NJ could take over Atlantic City after rejecting its financial plan
ATLANTIC CITY — Gov. Chris Christie's administration has rejected a financial turnaround plan by Atlantic City.
The decision sets the stage for a threatened takeover of the struggling city's assets and decision-making power.
The state Department of Community Affairs on Tuesday rejected a five-year turnaround plan in which the city would lay off 100 additional workers, cut spending and sell its largest tract of vacant land to its water utility, with the money helping pay down the city's $500 million debt.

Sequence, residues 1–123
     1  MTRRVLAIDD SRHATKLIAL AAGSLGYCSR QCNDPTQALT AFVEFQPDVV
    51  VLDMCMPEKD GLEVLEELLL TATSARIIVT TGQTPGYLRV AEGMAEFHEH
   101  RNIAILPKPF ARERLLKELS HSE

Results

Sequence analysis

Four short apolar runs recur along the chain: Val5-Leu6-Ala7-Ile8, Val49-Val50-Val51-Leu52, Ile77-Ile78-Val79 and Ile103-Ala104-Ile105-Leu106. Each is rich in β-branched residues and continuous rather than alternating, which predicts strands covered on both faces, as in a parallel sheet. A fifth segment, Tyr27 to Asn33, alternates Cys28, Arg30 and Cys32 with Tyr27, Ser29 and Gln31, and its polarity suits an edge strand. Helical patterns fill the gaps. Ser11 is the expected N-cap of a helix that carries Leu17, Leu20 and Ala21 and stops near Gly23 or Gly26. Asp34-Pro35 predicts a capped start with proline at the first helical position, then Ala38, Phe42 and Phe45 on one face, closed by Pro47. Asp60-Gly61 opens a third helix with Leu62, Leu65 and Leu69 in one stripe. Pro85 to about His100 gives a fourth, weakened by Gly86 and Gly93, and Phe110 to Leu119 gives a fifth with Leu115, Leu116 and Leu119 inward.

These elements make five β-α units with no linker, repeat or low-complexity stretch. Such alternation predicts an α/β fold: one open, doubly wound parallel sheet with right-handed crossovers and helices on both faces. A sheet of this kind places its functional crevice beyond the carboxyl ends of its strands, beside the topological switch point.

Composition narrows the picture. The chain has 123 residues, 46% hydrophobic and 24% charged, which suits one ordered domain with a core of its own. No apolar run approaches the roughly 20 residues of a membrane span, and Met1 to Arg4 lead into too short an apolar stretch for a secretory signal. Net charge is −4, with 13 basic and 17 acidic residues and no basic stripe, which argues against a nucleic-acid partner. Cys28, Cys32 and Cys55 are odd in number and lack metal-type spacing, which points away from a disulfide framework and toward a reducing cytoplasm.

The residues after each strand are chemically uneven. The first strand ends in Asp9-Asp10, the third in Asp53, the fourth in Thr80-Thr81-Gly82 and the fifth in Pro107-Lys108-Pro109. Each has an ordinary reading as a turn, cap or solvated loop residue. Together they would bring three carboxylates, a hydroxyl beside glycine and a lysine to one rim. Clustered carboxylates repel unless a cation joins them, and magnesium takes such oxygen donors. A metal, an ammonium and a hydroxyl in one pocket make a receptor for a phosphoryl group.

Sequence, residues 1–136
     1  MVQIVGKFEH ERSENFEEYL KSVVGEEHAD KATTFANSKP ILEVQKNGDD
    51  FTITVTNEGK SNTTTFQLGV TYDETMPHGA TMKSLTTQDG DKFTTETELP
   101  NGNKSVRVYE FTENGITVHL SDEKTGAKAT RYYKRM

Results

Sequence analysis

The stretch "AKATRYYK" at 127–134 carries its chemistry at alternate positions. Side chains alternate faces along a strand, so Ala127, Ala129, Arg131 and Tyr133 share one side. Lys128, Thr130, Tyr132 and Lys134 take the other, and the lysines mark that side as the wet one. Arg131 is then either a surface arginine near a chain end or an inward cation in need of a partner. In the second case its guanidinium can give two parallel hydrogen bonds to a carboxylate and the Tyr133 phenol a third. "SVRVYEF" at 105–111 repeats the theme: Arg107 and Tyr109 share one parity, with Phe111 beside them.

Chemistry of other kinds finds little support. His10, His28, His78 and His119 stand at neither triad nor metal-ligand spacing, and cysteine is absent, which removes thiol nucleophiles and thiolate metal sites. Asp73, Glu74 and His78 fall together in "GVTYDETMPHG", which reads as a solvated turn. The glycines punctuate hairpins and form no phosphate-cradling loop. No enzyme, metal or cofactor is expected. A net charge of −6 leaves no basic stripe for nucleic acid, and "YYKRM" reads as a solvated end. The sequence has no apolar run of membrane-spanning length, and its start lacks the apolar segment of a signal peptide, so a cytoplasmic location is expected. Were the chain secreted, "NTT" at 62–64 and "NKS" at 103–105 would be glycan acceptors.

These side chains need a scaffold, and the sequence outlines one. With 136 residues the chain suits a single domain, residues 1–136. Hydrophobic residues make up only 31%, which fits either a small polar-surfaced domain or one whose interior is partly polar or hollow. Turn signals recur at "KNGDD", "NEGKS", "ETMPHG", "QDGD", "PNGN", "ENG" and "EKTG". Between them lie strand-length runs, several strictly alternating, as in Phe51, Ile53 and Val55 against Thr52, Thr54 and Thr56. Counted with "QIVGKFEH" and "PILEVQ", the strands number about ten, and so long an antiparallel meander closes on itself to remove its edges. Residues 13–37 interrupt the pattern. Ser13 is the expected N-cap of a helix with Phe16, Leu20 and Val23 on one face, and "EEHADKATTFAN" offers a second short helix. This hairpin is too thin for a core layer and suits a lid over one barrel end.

The state had threatened to take over the seaside gambling resort if it didn't come up with a suitable plan to mend its finances.
The state said the city's plan underestimated and overestimated certain revenues and expenses. The state response said the city could lay off more firefighters and added that the plan did not call for a true "freeze" of police salaries because officers would be allowed to go up in annual salary "steps."
Atlantic City's financial situation has worsened as its casino industry continues to contract.
Five of the city's 12 casinos have gone out of business since 2014.
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